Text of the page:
LOS ANGELES — Since the Academy Awards began more than nine decades ago, films have had to thread two needles to win the best picture statuette: art and commerce. Netflix’s business model is changing that dynamic: “The Irishman” officially has ticket sales of zero, since the streaming service does not release movies in a traditional way. But over the weekend, with the war epic “1917,” came an old-fashioned example of a film delivering both artistic wows and big ticket sales.
“1917,” a front-runner for multiple Oscars, nominations for which will be announced on Monday, collected roughly $37 million at 3,434 theaters in North America, an astounding result for an R-rated period film with no marquee stars. Directed by Sam Mendes and telling the story (in under two hours) of a spindly World War I soldier (George MacKay) in a race against time, “1917” cost roughly $90 million to make, not including marketing expenses.
Universal Pictures released “1917,” which was produced by Steven Spielberg’s Amblin Partners. The film’s wide rollout (a limited release to build buzz started on Christmas Day) was timed to follow the Golden Globes, where voters honored Mendes as best director and the film as best drama. David A. Gross, who runs Franchise Entertainment Research, said on Sunday that “1917” was on track to generate $350 million or more in worldwide ticket sales.
For the weekend, “Star Wars: The Rise of Skywalker” (Disney) fell to second place, taking in about $15 million, for a four-week domestic total of $478 million and $990 million worldwide. “Jumanji: The Next Level” (Sony) was third, collecting an estimated $14 million, for a five-week total of $257 million ($671 million worldwide). The two blockbusters have contributed to a strong start to 2020, with ticket sales running 7 percent ahead of last year.
Then came a pair of new releases, both of which attracted decent attention.
Determined not to stumble out of the gate with another drama, Warner Bros. used theater buyouts from celebrities like John Legend, companies like Microsoft and churches like New Light in Houston to push “Just Mercy” to an estimated $10 million in ticket sales. “Just Mercy,” starring Michael B. Jordan as the civil-rights lawyer Bryan Stevenson and Jamie Foxx as a wrongly condemned death-row prisoner, cost about $21 million to make. It received an A-plus grade from ticket buyers in CinemaScore exit polls.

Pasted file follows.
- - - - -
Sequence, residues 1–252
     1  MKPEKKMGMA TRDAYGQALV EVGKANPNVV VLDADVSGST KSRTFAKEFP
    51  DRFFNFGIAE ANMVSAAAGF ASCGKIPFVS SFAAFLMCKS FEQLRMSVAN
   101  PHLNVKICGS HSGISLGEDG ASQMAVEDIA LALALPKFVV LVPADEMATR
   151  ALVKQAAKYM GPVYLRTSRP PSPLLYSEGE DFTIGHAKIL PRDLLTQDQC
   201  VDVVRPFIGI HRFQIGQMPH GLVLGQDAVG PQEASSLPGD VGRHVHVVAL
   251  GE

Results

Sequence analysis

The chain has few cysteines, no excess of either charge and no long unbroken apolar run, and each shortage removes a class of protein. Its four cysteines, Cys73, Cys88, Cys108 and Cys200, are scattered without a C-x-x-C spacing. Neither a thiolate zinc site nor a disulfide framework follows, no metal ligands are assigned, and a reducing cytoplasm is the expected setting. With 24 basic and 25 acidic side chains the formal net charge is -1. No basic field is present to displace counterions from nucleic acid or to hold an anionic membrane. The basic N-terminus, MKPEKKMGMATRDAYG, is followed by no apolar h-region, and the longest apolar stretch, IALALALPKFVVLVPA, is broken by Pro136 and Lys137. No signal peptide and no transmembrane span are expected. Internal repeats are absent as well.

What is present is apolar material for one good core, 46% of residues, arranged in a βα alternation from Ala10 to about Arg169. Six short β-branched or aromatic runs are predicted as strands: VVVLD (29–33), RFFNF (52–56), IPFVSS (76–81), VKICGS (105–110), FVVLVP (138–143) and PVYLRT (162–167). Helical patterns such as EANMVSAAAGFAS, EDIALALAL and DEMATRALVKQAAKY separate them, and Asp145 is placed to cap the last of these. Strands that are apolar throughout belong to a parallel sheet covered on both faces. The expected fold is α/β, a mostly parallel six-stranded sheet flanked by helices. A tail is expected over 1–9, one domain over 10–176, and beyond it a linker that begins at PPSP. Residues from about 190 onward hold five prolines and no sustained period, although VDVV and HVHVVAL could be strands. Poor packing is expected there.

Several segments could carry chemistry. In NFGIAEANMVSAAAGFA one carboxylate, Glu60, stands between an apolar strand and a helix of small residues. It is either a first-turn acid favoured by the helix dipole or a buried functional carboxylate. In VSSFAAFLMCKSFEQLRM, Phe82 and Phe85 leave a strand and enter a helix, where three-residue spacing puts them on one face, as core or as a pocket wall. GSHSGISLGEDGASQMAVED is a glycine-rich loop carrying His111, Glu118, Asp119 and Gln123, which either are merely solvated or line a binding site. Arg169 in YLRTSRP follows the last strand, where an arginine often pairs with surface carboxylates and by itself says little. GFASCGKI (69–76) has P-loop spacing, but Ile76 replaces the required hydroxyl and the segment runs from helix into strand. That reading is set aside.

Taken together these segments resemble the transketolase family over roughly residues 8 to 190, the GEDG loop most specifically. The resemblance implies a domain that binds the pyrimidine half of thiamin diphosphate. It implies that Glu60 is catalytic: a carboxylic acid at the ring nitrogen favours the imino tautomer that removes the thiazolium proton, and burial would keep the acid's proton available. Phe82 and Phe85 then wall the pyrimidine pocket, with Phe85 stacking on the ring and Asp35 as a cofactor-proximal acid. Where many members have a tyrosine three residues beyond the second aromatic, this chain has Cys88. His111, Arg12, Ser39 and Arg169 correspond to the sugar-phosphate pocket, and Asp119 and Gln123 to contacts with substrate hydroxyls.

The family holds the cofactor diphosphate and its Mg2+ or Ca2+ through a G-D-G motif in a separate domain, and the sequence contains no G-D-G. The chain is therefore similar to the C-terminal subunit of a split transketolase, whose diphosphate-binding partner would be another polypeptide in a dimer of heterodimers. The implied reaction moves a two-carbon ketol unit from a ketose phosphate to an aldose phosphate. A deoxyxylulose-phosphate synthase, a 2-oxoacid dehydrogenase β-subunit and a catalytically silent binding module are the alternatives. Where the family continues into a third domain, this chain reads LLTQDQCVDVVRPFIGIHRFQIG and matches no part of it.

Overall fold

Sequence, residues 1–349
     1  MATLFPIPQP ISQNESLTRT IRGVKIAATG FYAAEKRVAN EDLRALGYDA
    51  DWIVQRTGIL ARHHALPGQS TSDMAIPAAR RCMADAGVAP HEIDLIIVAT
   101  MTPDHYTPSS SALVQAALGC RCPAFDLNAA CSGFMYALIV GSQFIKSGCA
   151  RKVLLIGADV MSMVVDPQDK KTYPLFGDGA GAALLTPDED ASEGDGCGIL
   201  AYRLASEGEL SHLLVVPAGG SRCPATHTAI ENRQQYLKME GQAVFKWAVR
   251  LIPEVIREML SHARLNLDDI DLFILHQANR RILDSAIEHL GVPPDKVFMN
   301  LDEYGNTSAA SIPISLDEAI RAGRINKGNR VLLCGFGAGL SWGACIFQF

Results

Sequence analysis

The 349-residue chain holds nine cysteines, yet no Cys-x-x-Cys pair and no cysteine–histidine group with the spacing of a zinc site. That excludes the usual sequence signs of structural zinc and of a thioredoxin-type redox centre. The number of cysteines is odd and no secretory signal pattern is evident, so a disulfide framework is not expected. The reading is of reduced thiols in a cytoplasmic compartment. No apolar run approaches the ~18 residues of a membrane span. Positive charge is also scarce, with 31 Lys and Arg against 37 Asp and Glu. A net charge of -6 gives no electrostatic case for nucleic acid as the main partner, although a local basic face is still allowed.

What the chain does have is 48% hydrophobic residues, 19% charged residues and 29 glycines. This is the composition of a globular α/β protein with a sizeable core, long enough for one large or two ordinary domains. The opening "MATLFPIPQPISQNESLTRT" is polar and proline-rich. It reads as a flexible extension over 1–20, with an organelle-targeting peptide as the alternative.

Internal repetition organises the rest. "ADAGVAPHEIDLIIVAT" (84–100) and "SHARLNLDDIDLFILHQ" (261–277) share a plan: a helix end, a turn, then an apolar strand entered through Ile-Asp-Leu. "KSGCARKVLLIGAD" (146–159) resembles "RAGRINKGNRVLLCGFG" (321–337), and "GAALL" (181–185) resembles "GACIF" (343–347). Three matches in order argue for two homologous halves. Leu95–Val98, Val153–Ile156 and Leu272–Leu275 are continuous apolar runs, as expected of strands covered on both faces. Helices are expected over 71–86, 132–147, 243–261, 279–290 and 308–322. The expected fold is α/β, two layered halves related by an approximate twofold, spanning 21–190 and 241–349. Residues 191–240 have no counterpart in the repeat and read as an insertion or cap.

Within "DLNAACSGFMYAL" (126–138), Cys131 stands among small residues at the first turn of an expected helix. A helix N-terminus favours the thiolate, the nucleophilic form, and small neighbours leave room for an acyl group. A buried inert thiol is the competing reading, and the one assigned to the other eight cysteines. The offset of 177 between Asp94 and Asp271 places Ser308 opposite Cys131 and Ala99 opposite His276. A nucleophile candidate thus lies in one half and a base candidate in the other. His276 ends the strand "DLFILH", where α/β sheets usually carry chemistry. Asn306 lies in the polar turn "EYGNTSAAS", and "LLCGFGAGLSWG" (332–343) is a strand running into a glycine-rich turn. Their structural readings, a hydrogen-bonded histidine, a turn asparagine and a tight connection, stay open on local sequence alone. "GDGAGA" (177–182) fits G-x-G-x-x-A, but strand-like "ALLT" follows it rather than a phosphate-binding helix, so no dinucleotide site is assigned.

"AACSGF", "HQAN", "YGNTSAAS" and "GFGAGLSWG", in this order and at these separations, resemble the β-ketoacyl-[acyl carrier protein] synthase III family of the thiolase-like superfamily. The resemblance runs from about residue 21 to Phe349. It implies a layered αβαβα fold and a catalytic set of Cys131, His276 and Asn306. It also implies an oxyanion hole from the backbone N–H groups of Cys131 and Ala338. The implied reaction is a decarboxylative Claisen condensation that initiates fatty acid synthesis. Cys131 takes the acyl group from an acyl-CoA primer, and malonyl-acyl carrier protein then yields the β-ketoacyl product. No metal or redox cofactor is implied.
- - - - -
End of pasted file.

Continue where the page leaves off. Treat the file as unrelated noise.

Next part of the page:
“Like a Boss” (Paramount), a poorly reviewed raunchy comedy starring Tiffany Haddish, Rose Byrne and Salma Hayek, also collected about $10 million, according to Comscore, which compiles box-office data. It cost around $29 million to make.
The weekend marked another Kristen Stewart misfire, however. The modestly marketed aquatic horror movie “Underwater” (20th Century Fox, a division of Disney) was just that in a financial sense, costing TSG Entertainment an estimated $50 million to make and taking in $7 million. “Underwater,” essentially “Alien” except at the bottom of the ocean, took in another $7 million overseas. After a well-regarded run in art films like “Clouds of Sils Maria,” Stewart has made a turn back toward mass-appeal movies lately. She last appeared in “Charlie’s Angels,” which was similarly rejected by ticket buyers.
In other box-office news, the National Association of Theater Owners and Comscore said on Friday that final ticket sales for 2019 in North America, as expected, totaled $11.4 billion, a 4 percent decline from the year earlier. But overseas ticket sales helped the global box office pass $42 billion, the best ever. “Unaffected by streaming,” the trade association said.